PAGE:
Presider: We pray for these and all unspoken intentions. Amen.  

Holy One, we yearn to be close to you and to live in the embrace of your gentle wisdom. Your divine grace and love lead us away from our anxieties, fears and distractions and toward all that is blessed and joyous.  

Each of us is divinely created in Your image. We are precious to you and to each other because of who we are. We are beloved and blessed in your unconditional love, quite apart from how we act or fail to act.  

Thankful for Jesus who treated all of Creation with respect and abundant love, we resolve to follow his example to be a light in the darkness. We recognize Your loving Presence here with us today and always, and we sing: 


Blessed be our God!  Blessed be our God
Joy of our hearts, source of all life and love!     
God of Heaven and Earth!  God of Heaven and Earth! 
Dwelling within, calling us all by name!  
Alleluia, sing! Alleluia, sing! 
(Alleluia Sing by David Haas)

Dearest Holy One, there are times when we feel scarcity and emptiness even though we know You love us more than our human imagination can grasp. May we have the presence of mind to live in Your love. We strive to see You reflected in every person we meet. Guide us in sharing our gifts and in being open hearted so that we may accept help from others.   

We thank you for Jesus, who knew what it was like to be an outsider in occupied and foreign lands. May his presence prompt us to bring gospel kindness and understanding to the divisions and conflicts of our time.  

Presider: Please extend your hands in blessing. 

We call upon your Spirit that is present in us at this Eucharistic table. We are grateful for the bread and wine that remind us of our call to be the light of Christ to the world.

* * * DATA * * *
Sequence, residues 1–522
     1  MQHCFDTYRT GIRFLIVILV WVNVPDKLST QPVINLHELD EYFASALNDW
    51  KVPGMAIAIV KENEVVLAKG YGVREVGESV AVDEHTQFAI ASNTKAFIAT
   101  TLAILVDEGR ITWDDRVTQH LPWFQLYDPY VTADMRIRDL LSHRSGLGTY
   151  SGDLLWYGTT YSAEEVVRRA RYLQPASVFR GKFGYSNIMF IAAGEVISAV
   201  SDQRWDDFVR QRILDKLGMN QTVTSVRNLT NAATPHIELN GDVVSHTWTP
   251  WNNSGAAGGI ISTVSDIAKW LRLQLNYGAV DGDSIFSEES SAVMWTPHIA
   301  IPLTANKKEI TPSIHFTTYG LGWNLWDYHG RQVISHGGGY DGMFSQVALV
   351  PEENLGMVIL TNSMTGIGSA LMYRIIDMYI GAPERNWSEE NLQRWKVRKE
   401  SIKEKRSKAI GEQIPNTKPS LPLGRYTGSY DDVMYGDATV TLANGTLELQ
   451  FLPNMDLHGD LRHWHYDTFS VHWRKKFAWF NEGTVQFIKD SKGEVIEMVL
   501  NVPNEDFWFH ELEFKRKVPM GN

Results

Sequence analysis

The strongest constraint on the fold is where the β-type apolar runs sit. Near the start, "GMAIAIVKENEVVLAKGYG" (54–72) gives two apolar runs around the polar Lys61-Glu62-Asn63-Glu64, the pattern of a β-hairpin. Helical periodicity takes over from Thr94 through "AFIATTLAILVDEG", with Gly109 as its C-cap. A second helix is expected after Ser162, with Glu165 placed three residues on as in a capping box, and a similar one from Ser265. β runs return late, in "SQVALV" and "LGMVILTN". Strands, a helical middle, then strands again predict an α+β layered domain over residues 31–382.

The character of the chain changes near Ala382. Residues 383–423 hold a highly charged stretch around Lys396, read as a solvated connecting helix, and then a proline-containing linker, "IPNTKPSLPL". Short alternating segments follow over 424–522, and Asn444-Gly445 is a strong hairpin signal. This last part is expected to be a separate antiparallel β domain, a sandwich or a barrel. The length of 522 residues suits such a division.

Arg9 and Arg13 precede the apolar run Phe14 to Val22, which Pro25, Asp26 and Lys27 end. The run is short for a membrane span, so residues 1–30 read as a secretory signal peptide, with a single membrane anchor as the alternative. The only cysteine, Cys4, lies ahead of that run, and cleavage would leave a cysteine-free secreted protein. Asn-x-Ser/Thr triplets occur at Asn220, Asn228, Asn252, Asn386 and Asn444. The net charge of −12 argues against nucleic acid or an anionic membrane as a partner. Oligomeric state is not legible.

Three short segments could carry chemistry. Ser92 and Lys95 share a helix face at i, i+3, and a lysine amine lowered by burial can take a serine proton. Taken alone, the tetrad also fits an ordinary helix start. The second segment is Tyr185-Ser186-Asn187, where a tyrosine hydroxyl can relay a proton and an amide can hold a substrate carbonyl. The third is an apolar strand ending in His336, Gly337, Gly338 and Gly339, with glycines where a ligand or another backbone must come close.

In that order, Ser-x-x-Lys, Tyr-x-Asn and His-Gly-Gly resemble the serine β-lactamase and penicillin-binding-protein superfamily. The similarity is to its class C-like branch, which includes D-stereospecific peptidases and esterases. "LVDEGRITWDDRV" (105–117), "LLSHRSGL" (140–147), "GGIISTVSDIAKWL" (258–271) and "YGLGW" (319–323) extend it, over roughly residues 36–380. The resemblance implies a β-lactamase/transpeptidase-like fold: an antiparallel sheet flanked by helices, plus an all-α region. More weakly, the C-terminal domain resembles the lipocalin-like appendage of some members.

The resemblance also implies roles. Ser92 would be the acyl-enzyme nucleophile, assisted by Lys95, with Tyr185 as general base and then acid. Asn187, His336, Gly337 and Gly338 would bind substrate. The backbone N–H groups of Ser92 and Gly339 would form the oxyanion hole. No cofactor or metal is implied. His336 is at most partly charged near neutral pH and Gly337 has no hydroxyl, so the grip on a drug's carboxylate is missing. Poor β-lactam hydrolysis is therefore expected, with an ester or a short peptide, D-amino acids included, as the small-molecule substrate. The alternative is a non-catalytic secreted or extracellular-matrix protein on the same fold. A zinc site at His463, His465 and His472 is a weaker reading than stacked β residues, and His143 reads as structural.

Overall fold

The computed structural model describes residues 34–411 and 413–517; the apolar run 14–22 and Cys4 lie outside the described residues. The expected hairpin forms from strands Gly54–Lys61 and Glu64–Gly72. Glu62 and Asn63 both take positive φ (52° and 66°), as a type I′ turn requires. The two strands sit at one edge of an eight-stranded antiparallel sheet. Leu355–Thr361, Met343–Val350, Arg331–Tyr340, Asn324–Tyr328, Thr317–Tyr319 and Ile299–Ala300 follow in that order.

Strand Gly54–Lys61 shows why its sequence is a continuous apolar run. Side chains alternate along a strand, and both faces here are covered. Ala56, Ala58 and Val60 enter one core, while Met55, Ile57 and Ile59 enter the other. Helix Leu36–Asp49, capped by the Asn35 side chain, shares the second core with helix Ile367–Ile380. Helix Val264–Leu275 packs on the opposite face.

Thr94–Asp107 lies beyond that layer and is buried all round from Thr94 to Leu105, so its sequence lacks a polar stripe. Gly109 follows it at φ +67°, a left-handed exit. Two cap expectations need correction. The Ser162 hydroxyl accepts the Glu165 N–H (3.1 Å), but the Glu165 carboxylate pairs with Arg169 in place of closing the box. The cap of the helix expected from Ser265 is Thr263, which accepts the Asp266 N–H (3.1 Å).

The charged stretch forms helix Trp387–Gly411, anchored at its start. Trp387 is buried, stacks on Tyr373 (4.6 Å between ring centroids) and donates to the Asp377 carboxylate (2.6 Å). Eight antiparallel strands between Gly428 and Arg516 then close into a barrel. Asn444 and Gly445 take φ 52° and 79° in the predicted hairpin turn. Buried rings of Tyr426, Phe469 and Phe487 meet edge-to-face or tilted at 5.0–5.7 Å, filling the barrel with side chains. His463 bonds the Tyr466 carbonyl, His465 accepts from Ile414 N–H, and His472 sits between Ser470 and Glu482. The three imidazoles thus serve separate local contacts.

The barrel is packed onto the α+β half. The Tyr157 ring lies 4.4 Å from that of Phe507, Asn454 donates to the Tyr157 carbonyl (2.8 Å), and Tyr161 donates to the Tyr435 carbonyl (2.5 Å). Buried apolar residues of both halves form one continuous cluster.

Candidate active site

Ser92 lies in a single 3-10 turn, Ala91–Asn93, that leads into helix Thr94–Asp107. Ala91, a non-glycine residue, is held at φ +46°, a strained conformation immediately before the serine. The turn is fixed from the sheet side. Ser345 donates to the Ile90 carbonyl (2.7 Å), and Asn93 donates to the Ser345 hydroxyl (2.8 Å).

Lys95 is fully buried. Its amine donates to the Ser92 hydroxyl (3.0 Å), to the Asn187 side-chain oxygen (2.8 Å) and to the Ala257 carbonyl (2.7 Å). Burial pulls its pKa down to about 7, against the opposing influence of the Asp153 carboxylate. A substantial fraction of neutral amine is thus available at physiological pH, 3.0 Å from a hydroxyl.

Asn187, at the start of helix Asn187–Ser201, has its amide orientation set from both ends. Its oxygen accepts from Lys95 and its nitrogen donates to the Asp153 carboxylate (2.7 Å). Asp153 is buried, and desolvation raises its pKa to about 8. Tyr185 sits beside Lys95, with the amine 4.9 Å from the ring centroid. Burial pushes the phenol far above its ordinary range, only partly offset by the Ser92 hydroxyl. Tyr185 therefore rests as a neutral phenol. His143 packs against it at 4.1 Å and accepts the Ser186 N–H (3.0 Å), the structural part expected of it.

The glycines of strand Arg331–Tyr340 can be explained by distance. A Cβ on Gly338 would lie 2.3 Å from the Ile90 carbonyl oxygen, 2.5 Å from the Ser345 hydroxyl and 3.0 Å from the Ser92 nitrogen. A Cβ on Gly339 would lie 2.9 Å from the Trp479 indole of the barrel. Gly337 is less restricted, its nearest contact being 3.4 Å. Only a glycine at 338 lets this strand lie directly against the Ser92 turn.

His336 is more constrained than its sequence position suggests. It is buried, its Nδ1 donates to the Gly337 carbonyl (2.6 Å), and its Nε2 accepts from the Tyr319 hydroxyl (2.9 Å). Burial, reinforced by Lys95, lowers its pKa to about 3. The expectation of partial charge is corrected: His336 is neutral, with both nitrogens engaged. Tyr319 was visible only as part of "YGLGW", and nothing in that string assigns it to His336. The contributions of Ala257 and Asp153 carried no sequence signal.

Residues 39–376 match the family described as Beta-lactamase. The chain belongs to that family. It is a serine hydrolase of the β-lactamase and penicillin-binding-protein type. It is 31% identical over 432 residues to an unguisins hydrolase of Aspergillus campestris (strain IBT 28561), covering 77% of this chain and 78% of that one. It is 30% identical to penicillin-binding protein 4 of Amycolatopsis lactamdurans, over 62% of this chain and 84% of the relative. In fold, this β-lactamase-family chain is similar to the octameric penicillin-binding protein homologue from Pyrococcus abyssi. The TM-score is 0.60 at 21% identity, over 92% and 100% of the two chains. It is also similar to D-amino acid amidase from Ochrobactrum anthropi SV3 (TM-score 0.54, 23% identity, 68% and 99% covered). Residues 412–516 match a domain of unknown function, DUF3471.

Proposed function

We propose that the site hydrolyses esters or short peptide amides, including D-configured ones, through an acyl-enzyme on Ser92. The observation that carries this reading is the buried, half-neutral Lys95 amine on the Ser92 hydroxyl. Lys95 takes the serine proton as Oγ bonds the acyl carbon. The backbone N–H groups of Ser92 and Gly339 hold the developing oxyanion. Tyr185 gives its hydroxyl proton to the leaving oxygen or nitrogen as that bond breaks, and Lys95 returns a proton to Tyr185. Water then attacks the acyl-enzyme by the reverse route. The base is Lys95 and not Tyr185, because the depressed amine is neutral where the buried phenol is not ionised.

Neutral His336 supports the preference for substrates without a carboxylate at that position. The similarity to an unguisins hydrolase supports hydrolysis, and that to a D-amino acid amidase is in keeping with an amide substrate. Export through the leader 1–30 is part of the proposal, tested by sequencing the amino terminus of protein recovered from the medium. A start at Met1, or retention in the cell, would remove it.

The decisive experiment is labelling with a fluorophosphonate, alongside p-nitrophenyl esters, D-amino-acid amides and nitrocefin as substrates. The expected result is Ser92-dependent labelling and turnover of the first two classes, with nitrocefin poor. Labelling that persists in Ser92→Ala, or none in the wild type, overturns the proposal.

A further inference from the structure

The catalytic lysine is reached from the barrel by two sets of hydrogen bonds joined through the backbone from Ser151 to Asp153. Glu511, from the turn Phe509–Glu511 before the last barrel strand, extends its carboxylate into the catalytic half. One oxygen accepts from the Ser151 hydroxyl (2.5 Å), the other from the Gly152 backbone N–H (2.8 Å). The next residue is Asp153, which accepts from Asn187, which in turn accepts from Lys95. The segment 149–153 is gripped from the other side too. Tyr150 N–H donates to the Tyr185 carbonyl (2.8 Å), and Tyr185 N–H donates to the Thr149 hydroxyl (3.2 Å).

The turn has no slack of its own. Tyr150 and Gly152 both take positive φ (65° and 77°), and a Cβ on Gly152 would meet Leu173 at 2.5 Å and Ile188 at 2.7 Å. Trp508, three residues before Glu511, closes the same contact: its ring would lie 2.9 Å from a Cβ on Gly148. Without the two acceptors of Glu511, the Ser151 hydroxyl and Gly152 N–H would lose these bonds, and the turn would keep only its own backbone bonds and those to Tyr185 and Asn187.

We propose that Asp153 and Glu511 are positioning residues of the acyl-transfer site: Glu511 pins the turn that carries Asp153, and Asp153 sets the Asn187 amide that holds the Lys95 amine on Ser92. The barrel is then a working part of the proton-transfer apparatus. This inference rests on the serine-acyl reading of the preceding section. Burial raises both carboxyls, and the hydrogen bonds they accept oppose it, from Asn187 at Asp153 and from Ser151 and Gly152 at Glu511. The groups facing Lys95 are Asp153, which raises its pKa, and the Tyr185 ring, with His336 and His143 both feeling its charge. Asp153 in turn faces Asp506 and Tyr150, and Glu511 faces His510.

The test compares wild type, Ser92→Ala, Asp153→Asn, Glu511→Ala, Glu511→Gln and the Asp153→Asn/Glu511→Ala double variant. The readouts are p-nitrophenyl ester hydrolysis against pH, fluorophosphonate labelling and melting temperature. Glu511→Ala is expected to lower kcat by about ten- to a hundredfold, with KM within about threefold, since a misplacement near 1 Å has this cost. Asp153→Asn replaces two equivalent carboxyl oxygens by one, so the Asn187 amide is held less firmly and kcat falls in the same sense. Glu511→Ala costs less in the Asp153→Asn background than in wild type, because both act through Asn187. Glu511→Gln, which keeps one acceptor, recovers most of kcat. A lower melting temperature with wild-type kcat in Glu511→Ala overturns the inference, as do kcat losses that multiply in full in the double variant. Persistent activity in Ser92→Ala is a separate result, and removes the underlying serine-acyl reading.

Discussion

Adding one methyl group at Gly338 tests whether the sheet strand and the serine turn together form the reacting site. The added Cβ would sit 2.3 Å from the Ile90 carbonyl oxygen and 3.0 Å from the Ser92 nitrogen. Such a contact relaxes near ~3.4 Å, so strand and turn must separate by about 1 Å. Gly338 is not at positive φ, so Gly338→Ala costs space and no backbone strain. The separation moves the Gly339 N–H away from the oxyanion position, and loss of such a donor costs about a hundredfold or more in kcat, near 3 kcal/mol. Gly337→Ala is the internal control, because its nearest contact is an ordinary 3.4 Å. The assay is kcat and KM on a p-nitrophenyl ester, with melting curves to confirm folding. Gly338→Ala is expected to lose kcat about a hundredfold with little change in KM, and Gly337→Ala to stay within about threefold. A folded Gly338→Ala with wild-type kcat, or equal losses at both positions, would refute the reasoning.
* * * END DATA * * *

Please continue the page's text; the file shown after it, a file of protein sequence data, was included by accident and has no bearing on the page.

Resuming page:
On the night before he faced betrayal and death, Jesus shared supper with his friends.  He reminded them of all that he taught them, and to fix that memory clearly with them, he bent down and washed their feet.  

When he returned to his place at the table, he lifted the bread, spoke the blessing, broke the bread and offered it to them saying:  
Take and eat, this is my very self. 
Then he took the cup of the covenant, spoke the grace, and offered it to them saying: 
Take and drink. 
Whenever you remember me like this, 
I am among you. 
(pause) 

 Let us share this bread and cup to proclaim and live the gospel of justice and peace. 

Holy One, your transforming grace inspires us to follow our consciences and bring comfort to wherever people are in need.  We pray for wisdom, patience and persistence to make a difference in our world. We resolve to love as Jesus loved, to discern the better angels of our nature with hearts open to your Spirit. Amen.  

Presider: Let us pray as Jesus taught us:  
Holy One, you are within, around and among us.   
We celebrate your many names.  
Your wisdom come; your will be done,  
unfolding from the depths within us.  
Each day you give us all that we need.  
You remind us of our limits and we let go.  
You support us in our power, and we act with courage.  
For you are the dwelling place within us,  
the empowerment around us,  
and the celebration among us,  
now and forever, Amen.    Adapted by Miriam Therese Winter  

 BLESSING 
 Presider: Please extend your hands in blessing. 
May the infinite beauty and joy of Creation continue to astound us   
May the Presence of the Divine always comfort and inspire us  
May we be the face of the Holy One in all we say and do, and  
May we be a blessing in our time. AMEN. 
 
Closing Song: Awake, O Sleeper https://www.youtube.com/watch?v=on0kFsuzFDs